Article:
With family, Azawakhs are faithful, gentle and affectionate. They often bond closely with one family member, rather than dividing their affection equally. Because of their unique dispositions, Azawakhs do not change owners with ease and can be extremely difficult to rehome. Some Azawakh fanciers are trying to breed more stable, approachable dogs, to increase their popularity and reliability.

This breed only left the African desert a few decades ago. It still has its native hunting and guarding instincts, including its extreme prey drive. Bred to live and hunt in packs, Azawakhs develop clear hierarchies with other dogs, and there always is a definite alpha leader. These dogs express their intentions and moods to one another through a repertoire of sounds and postures that remain mysterious to the humans who love them.

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Activity Requirements

Azawakhs are very active animals that require 30 to 60 minutes of vigorous running or play every single day, and make the perfect companion for bikers, runners or other active, outdoorsy people. They are bred to run and they must be allowed to do so on a regular basis. When playing, Azawakhs like to run in spurts, and then nap on a couch or lounge in front of the fire. They should have a large, well-fenced area where they can stretch their legs, but they probably will need to interact with people or other dogs to get enough exercise. Leaving them alone in the back yard won’t do the trick; unless they are chasing something because despite their need to run, Azawakhs can be lazy when left to their own devices. Finding a securely fenced ball field is perfect for play dates. Tossing a ball, paying fetch and retrieve or hiding and chasing are great ways for Azawakhs and their owners to burn off energy and stay fit.

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Azawakhs don’t do well kept in crates. If unattended for long periods of time, they become bored and will look for their own forms of entertainment. They can shred furniture and dig giant holes in short order. They also can be escape artists. Azawakhs generally make terrific travelling companions and also enjoy hopping in the car to accompany their owners on short local errands. Azawakhs excel in competitive canine sports, including lure coursing, field hunting, agility, utility, jumping, freestyle and obedience, among others. They also thrive just hanging out with their family – playing, hiking, jogging and swimming. They are not well suited for apartment living.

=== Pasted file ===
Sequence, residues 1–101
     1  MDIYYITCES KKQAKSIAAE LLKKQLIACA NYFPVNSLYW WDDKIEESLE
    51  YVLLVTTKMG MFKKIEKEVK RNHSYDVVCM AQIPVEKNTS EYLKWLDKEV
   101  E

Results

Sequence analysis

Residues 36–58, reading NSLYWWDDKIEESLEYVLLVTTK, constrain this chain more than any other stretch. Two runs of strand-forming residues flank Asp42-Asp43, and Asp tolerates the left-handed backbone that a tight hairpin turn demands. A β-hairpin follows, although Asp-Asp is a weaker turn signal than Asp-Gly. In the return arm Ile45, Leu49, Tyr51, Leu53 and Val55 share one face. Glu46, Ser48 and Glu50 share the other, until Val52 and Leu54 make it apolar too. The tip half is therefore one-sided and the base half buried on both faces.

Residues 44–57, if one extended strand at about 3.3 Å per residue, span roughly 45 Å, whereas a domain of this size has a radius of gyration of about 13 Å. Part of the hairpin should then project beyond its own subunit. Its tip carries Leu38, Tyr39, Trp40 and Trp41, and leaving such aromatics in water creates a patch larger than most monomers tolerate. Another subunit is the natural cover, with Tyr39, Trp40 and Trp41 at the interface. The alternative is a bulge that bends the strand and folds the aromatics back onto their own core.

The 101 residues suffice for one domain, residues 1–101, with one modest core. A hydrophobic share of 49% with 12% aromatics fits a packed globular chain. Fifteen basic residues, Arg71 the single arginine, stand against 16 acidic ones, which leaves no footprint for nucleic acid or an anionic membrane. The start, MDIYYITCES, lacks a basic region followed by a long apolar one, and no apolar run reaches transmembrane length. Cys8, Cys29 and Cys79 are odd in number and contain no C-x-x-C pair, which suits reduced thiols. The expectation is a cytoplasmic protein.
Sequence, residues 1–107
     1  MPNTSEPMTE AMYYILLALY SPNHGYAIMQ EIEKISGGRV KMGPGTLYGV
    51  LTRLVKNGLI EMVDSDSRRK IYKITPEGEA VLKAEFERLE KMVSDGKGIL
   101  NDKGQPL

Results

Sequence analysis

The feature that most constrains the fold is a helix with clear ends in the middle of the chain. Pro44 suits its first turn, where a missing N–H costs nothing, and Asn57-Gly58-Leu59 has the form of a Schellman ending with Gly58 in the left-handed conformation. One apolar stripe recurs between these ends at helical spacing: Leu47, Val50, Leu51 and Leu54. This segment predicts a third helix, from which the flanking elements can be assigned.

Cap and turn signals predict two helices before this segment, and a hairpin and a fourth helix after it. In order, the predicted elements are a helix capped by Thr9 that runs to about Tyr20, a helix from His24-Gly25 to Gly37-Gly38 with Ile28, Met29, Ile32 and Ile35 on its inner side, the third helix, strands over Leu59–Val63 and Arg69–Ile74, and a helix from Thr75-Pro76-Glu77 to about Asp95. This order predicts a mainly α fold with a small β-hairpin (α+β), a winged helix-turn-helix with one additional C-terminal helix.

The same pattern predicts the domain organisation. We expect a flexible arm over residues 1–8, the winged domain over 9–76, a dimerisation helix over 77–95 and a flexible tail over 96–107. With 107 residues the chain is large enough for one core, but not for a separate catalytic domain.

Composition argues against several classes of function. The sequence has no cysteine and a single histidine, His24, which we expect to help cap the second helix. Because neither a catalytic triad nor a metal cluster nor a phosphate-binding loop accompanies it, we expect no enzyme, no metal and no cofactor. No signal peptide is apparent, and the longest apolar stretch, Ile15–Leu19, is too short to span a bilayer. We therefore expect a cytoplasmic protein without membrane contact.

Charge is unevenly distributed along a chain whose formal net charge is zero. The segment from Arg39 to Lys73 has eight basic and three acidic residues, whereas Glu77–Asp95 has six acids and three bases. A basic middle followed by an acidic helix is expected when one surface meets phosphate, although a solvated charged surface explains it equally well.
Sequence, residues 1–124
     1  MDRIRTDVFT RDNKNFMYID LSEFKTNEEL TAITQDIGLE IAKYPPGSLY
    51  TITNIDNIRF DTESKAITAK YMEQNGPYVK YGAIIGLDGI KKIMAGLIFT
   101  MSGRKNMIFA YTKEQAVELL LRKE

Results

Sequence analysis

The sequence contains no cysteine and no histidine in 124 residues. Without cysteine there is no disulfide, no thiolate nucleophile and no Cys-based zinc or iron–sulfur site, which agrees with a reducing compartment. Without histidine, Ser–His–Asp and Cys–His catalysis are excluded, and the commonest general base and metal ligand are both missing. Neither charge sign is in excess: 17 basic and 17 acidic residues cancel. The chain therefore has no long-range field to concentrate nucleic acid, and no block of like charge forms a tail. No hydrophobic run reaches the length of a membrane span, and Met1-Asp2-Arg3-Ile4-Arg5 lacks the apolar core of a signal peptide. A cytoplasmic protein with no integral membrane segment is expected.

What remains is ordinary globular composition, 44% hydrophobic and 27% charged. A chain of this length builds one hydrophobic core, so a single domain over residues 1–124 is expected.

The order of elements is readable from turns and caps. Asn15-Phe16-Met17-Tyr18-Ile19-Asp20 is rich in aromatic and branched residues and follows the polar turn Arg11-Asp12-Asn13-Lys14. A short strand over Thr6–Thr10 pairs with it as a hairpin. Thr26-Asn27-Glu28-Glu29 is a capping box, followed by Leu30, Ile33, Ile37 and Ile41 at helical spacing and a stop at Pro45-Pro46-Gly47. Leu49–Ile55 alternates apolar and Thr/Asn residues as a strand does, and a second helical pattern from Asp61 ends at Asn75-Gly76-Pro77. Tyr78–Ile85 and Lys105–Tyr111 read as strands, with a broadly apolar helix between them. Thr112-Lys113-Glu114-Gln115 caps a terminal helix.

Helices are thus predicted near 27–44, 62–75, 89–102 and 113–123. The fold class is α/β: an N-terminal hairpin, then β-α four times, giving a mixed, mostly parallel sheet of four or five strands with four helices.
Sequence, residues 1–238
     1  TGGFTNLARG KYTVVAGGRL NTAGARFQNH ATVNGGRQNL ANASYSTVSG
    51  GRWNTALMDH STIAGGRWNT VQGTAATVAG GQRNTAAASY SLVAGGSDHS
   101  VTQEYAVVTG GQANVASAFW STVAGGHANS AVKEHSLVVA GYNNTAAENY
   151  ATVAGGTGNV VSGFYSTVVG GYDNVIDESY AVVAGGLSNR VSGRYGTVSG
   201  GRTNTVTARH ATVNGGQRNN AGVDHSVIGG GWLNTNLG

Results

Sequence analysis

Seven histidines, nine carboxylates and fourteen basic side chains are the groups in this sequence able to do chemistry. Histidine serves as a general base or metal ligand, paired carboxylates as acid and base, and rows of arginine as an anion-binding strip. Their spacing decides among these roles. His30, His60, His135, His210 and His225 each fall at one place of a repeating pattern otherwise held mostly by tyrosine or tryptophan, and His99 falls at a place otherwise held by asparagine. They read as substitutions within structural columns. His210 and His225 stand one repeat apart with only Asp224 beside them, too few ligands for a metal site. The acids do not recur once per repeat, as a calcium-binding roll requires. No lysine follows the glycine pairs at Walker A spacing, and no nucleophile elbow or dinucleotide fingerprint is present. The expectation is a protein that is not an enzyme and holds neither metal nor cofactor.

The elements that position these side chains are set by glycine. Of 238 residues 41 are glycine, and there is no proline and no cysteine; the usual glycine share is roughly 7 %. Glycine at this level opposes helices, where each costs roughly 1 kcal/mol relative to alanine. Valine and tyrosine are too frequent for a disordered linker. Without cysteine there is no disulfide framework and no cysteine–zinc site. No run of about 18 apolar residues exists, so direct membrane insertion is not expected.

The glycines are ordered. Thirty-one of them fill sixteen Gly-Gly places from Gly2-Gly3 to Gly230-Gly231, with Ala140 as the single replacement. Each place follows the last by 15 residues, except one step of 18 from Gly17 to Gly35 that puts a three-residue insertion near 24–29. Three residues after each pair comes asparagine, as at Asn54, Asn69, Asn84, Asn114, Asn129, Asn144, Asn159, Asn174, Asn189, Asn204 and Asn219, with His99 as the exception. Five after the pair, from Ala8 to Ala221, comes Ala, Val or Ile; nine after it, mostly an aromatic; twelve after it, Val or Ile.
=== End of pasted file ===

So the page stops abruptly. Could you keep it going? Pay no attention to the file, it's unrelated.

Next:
Trainability

Azawakhs are independent-minded, strong-willed animals that can be dominant despite their tendency to be touchy and a tad timid. This is not the breed for people who are passive or meek. This dog’s owner must set the rules and enforce them kindly and consistently. Otherwise, the Azawakh will try to assume the role of pack leader, which must not be allowed to happen. These are smart, sensitive dogs that respond best to reward-based positive reinforcement. They don’t respond well to yelling or harsh, heavy-handed treatment. Loud scolding or physical punishment can damage the delicate trust between dog and owner and cause an Azawakh to become fearful or aggressive. For owners who understand their disposition, socialize them properly and train them from puppyhood with a firm, fair hand, Azawakhs can make wonderful companions and show-ring competitors.

Behavioral Traits

Azawakhs detest cold, wet weather. They are easily chilled and need a coat or sweater if they are out in the cold – especially in rain or snow. They can become overweight and lethargic, or hyperactive and destructive. if they are not given proper outlets for their energy. Some Azawakhs are reliable off-leash, if they have been taught a strong recall. Azawakhs generally get along well with other dogs in the household, as long as they are raised together. This is not a good breed for homes with cats or first-time dog owners. It also is not the best choice for homes with young children or children who are not well-supervised. Azawakhs are extremely protective and suspicious of strangers. Although they are not usually very outgoing, Azawakhs have served as therapy dogs in rehabilitation centers and nursing homes.

Photo Library of Azawakh Dog